The only novel phrase in the Summary's introduction is that the amendment "represent[s] the biggest change to our Constitution in our history". This is true, structurally. A new section, 9, could be appended. Adding a new section for the first time seems an appropriate way to acknowledge the First Peoples. As noted, the legal, rather than structural, changes are very minor. ATSIV could follow the path of the Inter-State Commission and wander along, disappear from view and finally be integrated into another arm of the executive. That which happens will be solely at the discretion of the parliament.
Sorry to labour a point which the conservative Liberal and National party coalition completely fail to mention: the parliament (i.e government) and only the parliament will control ATSIV, not the other way around.
This understanding completely undermines the 'risky' section. All of the risk lies with the parliament, not ATSIV. ATSIV is mandated to be an advisory body which is limited in scope to "matters relating to the [ATSI] peoples". A government can ignore ATSIV without operational or legal consequence. There may be political consequences though, and this is the problem which those behind the No case wish to avoid.
The phrase 'specifically covers all areas of “Executive Government”' is false. ATSIV is 'specifically' limited to ATSI matters in the constitutional text.
'The High Court would ultimately determine its powers, not the Parliament.' is true of the entire constitution and false in its specific usage here because of the next statement 'It risks legal challenges, delays and dysfunctional government.' This is directly contradicted by constitutional expert Professor Twomey in her article.
This section adds 'uncertainty' appeal to the 'risk' appeal, further playing to emotion. The statement that the membership process for ATSIV is unknown, as are all of the other details, is true. That which is left unsaid is that these are to be defined by parliament, and nobody else. This is a very nasty, misleading emotional appeal.
They continue this manipulation with:
This is false. Nobody knows the future. It is the proponents of this argument who are creating the division. Should ATSIV be an effective body advising governments on ATSI matters, it will not divide but unite 'us as Australians'. The only thing we know is that parliament will have control over ATSIV.
They continue the emotional manipulation by expressing fears which do exist and are blown out of proportion with:
We know what will come next. Its written in clause (ii) of the proposed constitutional amendment.
You know this parliamentarians. The appeal to fear of the unknown is blatant emotional manipulation, akin to that used by the wielder of power in an abusive relationship.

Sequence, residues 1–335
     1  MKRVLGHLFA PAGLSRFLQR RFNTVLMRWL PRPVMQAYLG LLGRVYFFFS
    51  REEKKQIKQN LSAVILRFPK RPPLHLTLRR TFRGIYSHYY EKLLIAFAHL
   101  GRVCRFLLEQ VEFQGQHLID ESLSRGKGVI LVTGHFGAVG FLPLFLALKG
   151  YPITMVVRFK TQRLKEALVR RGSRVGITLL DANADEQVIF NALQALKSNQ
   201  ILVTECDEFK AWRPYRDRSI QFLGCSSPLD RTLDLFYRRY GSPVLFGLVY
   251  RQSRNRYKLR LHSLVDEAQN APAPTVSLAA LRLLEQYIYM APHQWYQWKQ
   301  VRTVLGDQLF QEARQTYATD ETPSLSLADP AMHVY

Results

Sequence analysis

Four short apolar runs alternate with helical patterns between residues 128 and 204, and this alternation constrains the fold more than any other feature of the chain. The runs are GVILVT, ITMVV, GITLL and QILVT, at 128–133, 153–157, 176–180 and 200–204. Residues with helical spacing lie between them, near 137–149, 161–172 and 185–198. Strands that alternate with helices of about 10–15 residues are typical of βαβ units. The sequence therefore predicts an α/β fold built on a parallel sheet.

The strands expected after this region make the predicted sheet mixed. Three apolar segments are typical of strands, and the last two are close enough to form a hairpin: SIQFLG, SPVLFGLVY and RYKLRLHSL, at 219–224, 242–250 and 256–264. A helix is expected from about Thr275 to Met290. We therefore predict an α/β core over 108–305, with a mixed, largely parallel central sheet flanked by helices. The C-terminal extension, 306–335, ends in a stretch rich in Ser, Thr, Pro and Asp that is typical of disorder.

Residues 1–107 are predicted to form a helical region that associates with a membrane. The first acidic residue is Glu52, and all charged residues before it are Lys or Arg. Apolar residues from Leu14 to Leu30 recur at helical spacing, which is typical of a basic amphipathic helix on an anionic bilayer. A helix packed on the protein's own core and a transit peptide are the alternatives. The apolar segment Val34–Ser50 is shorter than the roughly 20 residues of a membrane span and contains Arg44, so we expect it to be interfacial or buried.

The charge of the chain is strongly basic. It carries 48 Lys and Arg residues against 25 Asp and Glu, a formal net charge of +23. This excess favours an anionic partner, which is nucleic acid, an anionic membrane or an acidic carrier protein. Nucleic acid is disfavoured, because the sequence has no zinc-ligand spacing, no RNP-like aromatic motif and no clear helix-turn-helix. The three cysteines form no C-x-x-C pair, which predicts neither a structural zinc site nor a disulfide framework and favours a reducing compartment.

Here the p-No'ers roll out their next piece of pernicious emotional manipulation:
Enshrining a Voice in the Constitution for only one group of Australians means permanently dividing our country.
The p-No'ers allege that the creation of ATSIV will create "different classes of citizenship" which is quite revealing. Different classes of citizens already exist, those with power and wealth and others. Those who bear the burden of generations of genocide and others. Those who have only recently migrated to Australia and others. Those who reside and work on the land and others. These "divisions" exist. One of the challenges of a government is to balance the interests of different elements of society. ATSIV will not create any new 'divisions'.
To paraphrase their final summary point:
We will be permanently stuck with negative consequences ...
which they have failed to enumerate, merely running the emotionally manipulative language which we expected from the outset.
Analysis of First Three of Their 10 Reasons
We shall take a leaf our of the Harry Potter story and use Remus Lupin's advice to deal with this p-No'er Boggart.
The charm that repels a boggart is simple, yet it requires force of mind. You see, the thing that really finishes a boggart is laughter.
In response to the p-No'er fear mongering, for the first three sentences:
Aaaah, I see your effective use of stating the obvious within your 2000 word limit.
Yes, p-No'ers, that's what the High Court is for, their original jurisdiction even. Keep going with the obvious, you're on a roll.
Yes, anyone with access to Wikipedia or an introductory book on Australian law can also look up the last successful constitutional change. What were they, I wonder? Forcing political parties to play fair when filling Senate vacancies, allowing Territorians (ACT and NT) to vote in Referenda and setting an age limit on High Court judges. These three of the four questions were carried at between 73% and 80% nationally and in all 6 states. Since then for 8 questions posed on three ballots, the number of times that a state has voted Yes is 2 of 48. One could say that the parliament has fundamentally failed to pose any constitutional referendum to Australians which had any chance of success, or to put it your way, governments have been wasting tax-payer monies and the time of the electorate since 1978.